Paranoia and Puppets in Post-Morsi Egypt
I have blogged before about conspiracy theories in Egypt, but it looks as if I’ll be doing so more and more since conspiracy theories–particularly those about the Muslim Brotherhood and its foreign allies–have increasingly gone mainstream in Egypt.
One of the most interesting is the weird investigation at the beginning of this year into
Abla Fahita is a puppet character (who has her own Facebook page) who has appeared regularly on television over the past several years, primarily on YouTube but also on Egyptian television. She and her daughter Karkura interact with humans and other muppet-like characters in humor ranging from innocuous to satirical.
She also appears in advertisements. And therein lies a tale.
Apparently Abla Fahita appeared in the fall of 2013 in an ad for Doleca New Bomba Ice-Cream. (This ad has been pulled from YouTube so I can’t share it here)
Periods of civil violence are probably times during which marketing researchers should advise their clients not to name their new ice cream names like “bomb.” Its asking for trouble.
Trouble came from a character named Sameh Abou Arayes, a financial analyst who made a name for himself on television and Facebook as a spokesman for the “things were good under Mubarak and everything that has happened since January 2011 has been a disaster” perspective.
It is hard for me to tell if this is meant to be taken seriously, or if he is just being ironic, given the stupidity of advertising an ice cream as tasting like a “bomb” at a time when bombings are taking peoples lives. But when two bomb attacks occurred in Cairo, and another in the Sinai a few days after his post, Arayes apparently became serious.
Shortly afterward, the following video appeared on TV. It features Abla Fahita in a skit explaining how to reactivate a SIM card.
A counterrevolutionary blogger who goes by the name Ahmed Spyder, posted a blog and video explaining that hidden messages coded into the advertisement were instructions to Muslim Brotherhood agents on when and how to attack a particular Coptic church. Here’s Spyder–who has previously been given traction by counterrevolutionary broadcaster Taufiq Ukasha–explaining his theory on TV:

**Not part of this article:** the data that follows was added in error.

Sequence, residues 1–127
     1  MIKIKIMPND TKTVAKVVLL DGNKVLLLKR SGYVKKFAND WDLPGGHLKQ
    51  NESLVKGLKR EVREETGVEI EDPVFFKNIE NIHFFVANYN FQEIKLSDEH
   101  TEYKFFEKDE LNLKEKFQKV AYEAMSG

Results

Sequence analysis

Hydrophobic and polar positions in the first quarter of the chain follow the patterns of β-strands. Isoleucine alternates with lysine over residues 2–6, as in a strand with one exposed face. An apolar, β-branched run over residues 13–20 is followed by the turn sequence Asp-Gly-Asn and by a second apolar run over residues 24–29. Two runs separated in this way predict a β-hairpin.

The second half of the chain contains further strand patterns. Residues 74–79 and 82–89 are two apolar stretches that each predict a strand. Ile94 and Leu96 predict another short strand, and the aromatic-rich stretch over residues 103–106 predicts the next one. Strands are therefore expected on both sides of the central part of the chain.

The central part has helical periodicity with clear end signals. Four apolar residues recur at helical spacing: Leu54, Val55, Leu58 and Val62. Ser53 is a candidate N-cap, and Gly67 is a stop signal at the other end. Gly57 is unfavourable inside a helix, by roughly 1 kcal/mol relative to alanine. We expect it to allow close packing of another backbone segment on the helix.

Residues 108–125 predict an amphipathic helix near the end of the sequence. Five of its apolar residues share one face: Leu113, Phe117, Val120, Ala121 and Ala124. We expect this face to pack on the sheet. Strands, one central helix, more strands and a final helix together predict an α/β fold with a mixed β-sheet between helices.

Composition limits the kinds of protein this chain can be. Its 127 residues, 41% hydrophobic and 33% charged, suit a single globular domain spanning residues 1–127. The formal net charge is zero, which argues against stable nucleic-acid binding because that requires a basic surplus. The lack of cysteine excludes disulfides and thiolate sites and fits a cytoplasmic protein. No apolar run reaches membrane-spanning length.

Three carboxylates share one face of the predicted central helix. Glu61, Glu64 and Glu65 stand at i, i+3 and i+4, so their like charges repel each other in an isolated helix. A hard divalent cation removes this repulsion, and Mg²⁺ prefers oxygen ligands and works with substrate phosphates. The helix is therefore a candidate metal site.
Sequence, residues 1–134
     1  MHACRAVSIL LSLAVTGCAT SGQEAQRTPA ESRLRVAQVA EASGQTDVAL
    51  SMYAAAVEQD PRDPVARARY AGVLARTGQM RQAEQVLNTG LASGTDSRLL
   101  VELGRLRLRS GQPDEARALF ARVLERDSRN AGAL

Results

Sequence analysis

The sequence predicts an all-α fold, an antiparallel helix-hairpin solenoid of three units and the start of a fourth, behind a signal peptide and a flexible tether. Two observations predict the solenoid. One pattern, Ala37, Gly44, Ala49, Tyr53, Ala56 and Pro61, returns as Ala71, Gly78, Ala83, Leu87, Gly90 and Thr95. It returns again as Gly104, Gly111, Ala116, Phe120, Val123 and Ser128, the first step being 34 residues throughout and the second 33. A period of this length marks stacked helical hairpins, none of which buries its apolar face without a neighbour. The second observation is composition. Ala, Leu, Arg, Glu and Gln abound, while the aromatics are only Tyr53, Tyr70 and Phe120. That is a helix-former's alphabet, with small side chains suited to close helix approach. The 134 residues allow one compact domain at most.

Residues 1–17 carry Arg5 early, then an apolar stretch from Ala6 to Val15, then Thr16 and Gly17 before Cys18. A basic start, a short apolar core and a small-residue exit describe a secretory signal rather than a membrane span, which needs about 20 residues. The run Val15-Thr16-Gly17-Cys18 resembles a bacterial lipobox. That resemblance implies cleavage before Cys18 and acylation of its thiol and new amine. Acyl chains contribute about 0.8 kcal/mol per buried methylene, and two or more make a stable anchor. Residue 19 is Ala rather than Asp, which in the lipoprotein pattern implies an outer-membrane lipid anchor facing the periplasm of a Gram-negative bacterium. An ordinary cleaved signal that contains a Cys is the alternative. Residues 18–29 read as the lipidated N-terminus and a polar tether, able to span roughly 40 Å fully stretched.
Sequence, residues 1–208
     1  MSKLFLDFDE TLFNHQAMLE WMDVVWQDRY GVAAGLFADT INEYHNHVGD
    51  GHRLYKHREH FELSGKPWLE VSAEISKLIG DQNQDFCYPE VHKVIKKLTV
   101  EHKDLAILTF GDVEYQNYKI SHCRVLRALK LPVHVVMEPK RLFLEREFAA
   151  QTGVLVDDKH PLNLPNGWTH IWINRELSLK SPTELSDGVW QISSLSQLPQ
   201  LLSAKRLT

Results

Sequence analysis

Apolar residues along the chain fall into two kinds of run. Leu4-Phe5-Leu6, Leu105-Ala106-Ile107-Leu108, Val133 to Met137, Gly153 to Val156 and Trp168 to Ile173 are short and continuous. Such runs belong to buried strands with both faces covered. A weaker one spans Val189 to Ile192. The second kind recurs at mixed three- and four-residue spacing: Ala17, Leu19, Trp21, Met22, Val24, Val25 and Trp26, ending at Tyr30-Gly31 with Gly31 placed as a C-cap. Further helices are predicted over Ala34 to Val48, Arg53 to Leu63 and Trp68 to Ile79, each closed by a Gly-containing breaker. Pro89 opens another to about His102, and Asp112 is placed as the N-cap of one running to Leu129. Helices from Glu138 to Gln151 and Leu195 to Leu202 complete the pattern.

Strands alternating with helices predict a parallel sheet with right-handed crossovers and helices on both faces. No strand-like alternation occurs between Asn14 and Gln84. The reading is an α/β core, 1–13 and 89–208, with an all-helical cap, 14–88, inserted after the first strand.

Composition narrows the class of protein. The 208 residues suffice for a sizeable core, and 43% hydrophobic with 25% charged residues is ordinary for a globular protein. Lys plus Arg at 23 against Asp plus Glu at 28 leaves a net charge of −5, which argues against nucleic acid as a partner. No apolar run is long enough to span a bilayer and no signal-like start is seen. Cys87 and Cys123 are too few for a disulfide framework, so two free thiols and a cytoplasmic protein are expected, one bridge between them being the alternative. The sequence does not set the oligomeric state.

Vodafone felt obliged to issue a statement denying that the advertisement carried any subversive messages.
Now, Egypt allows any citizen to file charges with prosecutors, and Spyder apparently did just that. Prosecutors have the right to dismiss such charges, or to investigate them. In this case, the prosecutors felt it necessary to investigate, and questioned Vodaphone executives about the issue.
Although they did not choose to prosecute, some popular reaction–including a Facebook page created against Abla Fahita (which has since come down)–urged them to.
Also, Abla Fahita apparently got hate mail posted to HER Facebook (well…she’s a puppet. I should say “the Facebook page created in her name…”)
Fortunately CBC Egypt gave Abla Fahita an opportunity to confront her accuser (virtually) and deny that there were any hidden messages in the advertisements.
It is difficult to take this seriously, of course. Most of the international coverage of this is ironic in tone, as if unable to quite believe this is really happening. Most blog posts dismiss it with disgust at the “stupidity” of Egyptians.